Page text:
The judges are suitably bland. Go-Go’s frontwoman Belinda Carlisle was brutally honest about how she felt, but I was distracted by how she looked. While admittedly beautiful, she also resembled a creation by Madame Tussauds. Choreographer Jamie King and stylist June Ambrose were a bit too smug for my taste, as was manager Larry Rudolph, although having turned Britney Spears into a star, he pretty much has proved that he could take any of the nine contestants and find a way to ensure that they had a singing career. Paul Mirkovich, the stellar musical director of the backing band on “Rock Star: INXS” and “Rock Star: Supervova,” does an equally great job leading the crack ensemble on “Rock the Cradle.”

To me, the presence of the parents felt weird. Whether they were hands-on stage fathers (yeah, I’m looking at you Eddie Money and Tom Johnston) or clearly not significant parts of their children’s lives (do I have to even write Bobby Brown’s name here?), they all seemed to be horning in on their kids’ moments. And what is the point of asking the parents after the performances how their offspring performed? Shockingly, they were all proud, supportive and moved. Not exactly great television.

On the flip side, the privileged status of the singers made them less relatable as competitors. We hear Olivia Newton-John’s daughter talk about growing up in “big empty houses,” and Al B. Sure! say that he always spoiled his son, and, suddenly, you are feeling, “Who cares if this person wins?” On most of the “Idol” knock-offs, you know that if a contestant makes it to the top, it will really change his or her life. That is half the fun of watching. And that issue is nearly irrelevant on “Rock the Cradle.”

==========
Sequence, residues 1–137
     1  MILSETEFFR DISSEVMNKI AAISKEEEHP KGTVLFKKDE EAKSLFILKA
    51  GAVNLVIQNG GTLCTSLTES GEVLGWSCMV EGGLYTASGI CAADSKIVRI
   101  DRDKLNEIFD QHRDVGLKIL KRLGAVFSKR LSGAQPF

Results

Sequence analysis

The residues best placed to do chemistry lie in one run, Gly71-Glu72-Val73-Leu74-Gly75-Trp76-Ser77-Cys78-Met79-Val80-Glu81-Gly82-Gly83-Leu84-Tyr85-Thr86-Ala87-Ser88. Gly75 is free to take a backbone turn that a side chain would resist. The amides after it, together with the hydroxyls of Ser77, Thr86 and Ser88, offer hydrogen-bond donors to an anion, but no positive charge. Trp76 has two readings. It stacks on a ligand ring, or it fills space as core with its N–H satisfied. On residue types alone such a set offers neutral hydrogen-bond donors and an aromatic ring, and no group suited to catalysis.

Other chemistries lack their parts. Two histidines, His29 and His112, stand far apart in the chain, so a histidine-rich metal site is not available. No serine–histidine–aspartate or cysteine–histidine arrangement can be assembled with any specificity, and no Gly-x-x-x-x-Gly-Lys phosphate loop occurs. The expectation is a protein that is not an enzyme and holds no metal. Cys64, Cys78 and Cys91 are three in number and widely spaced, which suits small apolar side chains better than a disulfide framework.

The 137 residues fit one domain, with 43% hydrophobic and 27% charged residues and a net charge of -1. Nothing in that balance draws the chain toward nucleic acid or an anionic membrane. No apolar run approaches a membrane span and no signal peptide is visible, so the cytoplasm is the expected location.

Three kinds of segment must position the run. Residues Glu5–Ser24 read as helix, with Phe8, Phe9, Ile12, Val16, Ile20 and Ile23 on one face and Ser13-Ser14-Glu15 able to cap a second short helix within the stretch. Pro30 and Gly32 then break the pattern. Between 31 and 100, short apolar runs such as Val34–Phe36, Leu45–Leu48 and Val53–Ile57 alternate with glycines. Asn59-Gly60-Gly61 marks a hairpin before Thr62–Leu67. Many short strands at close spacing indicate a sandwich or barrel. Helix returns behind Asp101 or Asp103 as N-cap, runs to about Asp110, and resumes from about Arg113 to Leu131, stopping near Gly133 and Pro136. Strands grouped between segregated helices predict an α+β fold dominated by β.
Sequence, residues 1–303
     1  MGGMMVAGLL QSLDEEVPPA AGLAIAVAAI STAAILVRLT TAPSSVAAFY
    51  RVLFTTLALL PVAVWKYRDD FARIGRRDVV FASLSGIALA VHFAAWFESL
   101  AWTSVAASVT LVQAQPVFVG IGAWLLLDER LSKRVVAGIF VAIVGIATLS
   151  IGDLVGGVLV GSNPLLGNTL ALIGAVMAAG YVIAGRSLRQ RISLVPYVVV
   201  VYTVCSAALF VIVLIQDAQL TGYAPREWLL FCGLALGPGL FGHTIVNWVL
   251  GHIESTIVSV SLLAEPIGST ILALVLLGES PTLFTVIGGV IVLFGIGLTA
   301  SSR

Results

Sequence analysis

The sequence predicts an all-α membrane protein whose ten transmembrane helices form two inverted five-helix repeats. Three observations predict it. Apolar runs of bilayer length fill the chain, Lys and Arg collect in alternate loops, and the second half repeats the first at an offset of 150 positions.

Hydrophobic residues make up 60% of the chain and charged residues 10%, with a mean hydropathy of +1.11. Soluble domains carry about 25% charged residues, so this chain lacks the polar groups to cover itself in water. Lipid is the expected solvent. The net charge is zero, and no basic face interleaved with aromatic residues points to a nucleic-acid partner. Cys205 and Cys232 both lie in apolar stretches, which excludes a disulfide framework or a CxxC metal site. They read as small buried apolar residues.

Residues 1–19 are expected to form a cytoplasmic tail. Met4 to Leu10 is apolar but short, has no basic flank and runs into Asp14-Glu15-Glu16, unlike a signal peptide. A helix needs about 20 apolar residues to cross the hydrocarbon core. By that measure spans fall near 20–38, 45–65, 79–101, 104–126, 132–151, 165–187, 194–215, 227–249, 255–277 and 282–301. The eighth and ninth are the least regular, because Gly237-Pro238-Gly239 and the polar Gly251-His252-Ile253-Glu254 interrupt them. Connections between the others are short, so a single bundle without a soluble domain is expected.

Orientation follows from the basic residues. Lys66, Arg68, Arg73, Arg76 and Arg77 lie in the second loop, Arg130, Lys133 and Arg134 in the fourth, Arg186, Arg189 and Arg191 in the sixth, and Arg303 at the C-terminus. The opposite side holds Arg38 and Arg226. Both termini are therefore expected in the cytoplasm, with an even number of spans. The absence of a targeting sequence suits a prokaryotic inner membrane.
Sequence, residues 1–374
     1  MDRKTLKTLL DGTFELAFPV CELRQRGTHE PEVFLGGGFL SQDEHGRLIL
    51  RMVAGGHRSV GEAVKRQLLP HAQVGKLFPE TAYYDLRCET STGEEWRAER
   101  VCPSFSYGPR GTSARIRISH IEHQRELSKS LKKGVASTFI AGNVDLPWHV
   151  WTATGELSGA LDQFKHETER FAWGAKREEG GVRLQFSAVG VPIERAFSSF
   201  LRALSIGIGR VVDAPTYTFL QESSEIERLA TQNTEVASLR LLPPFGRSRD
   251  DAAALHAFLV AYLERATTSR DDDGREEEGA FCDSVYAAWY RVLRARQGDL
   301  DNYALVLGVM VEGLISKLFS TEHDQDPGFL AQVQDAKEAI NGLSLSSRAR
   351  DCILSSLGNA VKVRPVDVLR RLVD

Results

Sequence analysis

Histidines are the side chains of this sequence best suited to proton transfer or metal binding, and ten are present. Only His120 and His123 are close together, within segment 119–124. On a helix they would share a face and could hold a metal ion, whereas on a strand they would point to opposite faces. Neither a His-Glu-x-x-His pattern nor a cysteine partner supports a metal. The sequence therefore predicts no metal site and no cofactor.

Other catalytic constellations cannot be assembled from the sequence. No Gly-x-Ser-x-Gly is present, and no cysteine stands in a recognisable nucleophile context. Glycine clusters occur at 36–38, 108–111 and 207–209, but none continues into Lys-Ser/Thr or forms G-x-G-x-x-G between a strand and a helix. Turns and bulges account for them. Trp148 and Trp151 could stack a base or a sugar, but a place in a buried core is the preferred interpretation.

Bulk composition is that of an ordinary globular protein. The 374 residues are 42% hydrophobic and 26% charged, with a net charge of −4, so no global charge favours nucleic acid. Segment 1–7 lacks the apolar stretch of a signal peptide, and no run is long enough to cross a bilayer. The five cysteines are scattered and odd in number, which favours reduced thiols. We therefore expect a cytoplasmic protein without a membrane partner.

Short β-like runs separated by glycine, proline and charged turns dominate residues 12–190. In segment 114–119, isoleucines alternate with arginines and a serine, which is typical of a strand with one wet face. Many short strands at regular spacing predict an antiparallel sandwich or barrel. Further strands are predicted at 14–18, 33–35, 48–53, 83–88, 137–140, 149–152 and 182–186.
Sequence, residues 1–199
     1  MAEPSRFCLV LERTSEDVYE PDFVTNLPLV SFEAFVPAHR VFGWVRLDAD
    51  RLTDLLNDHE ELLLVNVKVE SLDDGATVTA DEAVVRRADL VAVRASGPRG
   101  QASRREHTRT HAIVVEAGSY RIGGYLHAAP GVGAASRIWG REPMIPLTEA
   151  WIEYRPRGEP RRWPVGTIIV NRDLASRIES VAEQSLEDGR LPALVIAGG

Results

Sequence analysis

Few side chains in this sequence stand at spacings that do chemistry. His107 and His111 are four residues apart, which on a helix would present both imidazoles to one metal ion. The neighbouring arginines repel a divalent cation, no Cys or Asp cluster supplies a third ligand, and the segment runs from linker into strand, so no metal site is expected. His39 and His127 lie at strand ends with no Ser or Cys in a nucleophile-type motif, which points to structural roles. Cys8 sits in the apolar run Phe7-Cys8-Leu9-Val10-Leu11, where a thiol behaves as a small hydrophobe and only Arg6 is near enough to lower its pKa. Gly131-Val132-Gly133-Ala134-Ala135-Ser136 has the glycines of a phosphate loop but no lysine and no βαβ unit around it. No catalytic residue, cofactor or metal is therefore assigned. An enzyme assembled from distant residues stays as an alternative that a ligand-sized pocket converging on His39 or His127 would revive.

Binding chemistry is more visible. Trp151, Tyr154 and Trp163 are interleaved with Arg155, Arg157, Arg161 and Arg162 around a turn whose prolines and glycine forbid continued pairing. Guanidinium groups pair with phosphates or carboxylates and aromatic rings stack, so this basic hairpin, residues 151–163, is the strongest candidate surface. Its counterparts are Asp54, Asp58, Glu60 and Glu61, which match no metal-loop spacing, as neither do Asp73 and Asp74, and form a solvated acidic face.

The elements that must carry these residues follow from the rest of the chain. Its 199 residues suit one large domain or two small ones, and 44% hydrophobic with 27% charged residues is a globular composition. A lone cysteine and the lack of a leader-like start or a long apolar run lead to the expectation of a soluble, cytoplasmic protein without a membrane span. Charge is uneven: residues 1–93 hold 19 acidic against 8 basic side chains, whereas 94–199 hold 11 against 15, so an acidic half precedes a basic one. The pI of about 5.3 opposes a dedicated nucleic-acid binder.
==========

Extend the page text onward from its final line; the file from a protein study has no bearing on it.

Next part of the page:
Now to the $64,000 question: Can the offspring of the former stars sing? Too often, I felt like I was watching a high school talent contest, something that occurred to me before Rudolph made that very observation to Newton-John’s daughter, Chloe Lattanzi. But Lattanzi’s performance of “Never Tear Us Apart” by INXS demonstrated how limited a show like “Rock the Cradle” is. With her zeppelin-like lips and anime-reminiscent eyes, Lattanzi’s appearance is way too exotic for her to become a bland pop sensation in the “Idol” tradition. And her quirky, off-kilter performance of the INXS ballad (more Siouxsie Sioux than Kelly Clarkson) seemed like a misfire in the context of “Rock the Cradle.” But so what? When did becoming a bland pop star become the most important ambition for a singer? I’m not sure if Lattanzi has something interesting to offer, but my point is that we won’t know from “Rock the Cradle.”

I thought better candidates for high school talent show allusions were Eddie Money’s daughter Jesse (an oversung take on “When I’m Gone” by 3 Doors Down), 17-year-old Lara Johnston (Avril Lavigne’s treacley ballad “I’m With You”) and Landon Brown (a laid back to the point of Valium take on Seal’s “Crazy”). It’s not that these performers had no talent, but there are a lot of people in this country who can sing a little. I just didn’t see anything in these three that would allow them to emerge from the herd.

Slightly better were Al B. Sure!’s son, who, hands down, has the best name on the show, Lil B. Sure! (again, his exclamation mark, not mine; he took on Donny Hathaway’s “A Song for You”), and A'Keiba Burrell, Hammer’s daughter (credited on-screen as A'Keiba Burrell-Hammer, which was very entertaining in and of itself; she performed “Love You I Do,” sung by Jennifer Hudson in “Dreamgirls”), although I’m not sure they have what it takes to be stars, either.